Platform models are the new order of our innovating business need

Part of my shifting my own innovation advisory work was to build out a greater understanding of the power of ecosystems platforms and customer experience collaborations. This site here https://ecosystems4innovating.wordpress.com/about/   explains why there is this dedicated approach in my focus. Also oulining the reasons I chose to shift part of my business over to developing a “certain” knowledge expertise on ecosystems and platforms last year so to help others and equip myself for a growing part of the future of innovation.

Increasingly we are looking constantly for better value. We are increasingly restless and explorative. The big question for many companies that simply sell products is can they benefit from making changes in these platform models. How do they go about it to capitalize on this restlessness and constant need of new experiences? Is the stand-alone product model breaking down? Do the more traditional approaches to customers, those that are more supply sided, still serve their needs today? The answer is no, platforms are building very different connected experience for customers, they are voting with their digital clicks to move their business to these offerings. Are you building platform businesses? You should.

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Building upon the four essential pillars for innovation

It is always welcome to read a thoughtful article that reminds me, no, it actually inspires me, by reinforcing my own belief that innovation is progressing, even if this is sometimes frustratingly slow. The innovation architecture is progressively being recognized and put into place, it’s forming the building blocks of the innovation platform we need to build upon, ones for more radical innovation outcomes.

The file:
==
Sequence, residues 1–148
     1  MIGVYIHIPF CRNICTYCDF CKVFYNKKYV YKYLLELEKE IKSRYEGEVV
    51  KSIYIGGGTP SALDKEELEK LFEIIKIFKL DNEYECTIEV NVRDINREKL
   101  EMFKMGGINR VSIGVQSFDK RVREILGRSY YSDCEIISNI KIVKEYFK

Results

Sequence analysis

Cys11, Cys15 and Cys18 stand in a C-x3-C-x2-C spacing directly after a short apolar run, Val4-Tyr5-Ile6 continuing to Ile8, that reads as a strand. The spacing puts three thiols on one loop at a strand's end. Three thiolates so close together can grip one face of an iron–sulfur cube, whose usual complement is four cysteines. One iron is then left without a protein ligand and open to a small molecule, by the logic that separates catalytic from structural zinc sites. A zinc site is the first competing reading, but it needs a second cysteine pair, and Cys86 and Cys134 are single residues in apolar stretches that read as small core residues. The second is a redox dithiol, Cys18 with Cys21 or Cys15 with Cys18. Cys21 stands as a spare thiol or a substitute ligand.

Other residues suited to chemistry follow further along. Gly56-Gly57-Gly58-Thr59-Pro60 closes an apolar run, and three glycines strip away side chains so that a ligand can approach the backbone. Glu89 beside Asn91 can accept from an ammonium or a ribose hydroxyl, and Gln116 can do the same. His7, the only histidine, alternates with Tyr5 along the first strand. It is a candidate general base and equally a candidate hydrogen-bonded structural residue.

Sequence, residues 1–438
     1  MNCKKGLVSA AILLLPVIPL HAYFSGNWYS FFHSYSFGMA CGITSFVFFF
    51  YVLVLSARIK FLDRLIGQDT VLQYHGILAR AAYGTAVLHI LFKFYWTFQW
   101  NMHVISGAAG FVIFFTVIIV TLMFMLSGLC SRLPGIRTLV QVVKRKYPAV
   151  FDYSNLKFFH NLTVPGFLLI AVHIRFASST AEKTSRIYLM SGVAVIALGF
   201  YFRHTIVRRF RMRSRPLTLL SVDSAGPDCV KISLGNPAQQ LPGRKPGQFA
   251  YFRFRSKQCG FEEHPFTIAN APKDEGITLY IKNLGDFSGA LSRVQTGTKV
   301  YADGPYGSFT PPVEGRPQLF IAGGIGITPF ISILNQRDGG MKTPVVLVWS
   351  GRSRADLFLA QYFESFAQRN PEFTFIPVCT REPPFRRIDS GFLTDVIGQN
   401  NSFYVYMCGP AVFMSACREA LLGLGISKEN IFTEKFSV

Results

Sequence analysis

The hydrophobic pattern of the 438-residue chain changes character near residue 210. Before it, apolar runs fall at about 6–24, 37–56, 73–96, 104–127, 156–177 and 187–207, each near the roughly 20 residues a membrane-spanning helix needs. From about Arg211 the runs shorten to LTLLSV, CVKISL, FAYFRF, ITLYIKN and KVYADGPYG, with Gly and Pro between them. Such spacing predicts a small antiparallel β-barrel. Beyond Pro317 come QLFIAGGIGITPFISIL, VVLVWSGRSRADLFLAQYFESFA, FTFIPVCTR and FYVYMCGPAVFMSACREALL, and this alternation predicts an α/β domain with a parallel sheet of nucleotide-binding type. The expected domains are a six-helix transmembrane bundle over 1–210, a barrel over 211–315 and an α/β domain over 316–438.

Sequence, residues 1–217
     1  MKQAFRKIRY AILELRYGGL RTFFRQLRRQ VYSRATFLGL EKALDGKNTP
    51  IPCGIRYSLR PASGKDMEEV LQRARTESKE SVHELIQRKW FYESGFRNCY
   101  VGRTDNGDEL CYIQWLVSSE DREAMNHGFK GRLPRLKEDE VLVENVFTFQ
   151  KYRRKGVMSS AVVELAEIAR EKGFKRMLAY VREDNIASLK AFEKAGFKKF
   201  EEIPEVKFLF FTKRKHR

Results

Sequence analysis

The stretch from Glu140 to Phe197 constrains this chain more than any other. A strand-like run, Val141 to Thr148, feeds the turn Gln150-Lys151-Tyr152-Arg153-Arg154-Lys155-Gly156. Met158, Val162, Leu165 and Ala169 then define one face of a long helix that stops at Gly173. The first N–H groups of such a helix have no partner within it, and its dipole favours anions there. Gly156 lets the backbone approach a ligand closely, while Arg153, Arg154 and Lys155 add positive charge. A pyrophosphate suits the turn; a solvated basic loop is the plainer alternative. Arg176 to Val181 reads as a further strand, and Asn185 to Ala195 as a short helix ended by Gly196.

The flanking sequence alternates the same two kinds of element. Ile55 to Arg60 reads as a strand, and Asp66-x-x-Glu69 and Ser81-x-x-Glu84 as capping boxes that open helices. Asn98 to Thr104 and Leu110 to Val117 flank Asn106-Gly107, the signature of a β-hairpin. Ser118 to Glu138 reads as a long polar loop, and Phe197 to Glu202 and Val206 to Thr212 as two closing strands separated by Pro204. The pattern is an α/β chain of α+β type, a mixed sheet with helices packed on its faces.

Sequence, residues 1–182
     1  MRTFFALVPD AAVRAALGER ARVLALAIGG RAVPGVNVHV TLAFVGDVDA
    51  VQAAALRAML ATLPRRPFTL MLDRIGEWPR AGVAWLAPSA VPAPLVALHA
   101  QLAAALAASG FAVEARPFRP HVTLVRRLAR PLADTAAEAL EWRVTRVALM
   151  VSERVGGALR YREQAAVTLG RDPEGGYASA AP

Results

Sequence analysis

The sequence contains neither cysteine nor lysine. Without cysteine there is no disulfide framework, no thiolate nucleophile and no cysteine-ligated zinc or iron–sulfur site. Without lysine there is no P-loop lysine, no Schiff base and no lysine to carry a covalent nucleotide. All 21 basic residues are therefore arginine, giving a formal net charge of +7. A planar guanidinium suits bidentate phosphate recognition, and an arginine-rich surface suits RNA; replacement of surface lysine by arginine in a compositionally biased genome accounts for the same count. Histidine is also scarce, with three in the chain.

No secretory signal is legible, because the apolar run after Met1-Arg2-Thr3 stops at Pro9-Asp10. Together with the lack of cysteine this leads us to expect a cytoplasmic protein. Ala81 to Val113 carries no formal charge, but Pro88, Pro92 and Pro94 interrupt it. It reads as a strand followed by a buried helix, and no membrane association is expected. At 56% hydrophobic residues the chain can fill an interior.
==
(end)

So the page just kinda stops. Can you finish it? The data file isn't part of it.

So the article “Want to Win at Business Model Innovation? Put these Four Pillars in Place” was written by Rick Waldron, ex Nike, and Intel.

He grabbed my attention with this comment early on in the article:

“ Little attention has been paid to the architecture required to stand up a sustainable, impactful new business innovation capability. Those of us battling it out in the trenches are left to learn the hard way”

I so very much relate to this central recognition that most organizations lack a solid, well thought through innovation architecture, it is one of the real reasons innovation is constantly under-delivering.

Rick points out:“Corporate innovation efforts by and large continue to fall far short of moving the needle in any significant, sustained way or of delivering on the promise of future-proofing companies against ever-increasing disruptive forces.

While a growing number of companies have begun to find some success in implementing design-centered thinking, lean innovation techniques, jobs-to-be-done analysis, and empowering employees to solve customer and internal process problems, much of the focus has been on supporting current business models – i.e., on incremental rather than game-changing innovation. But this work is merely the table stakes for staying in the current game”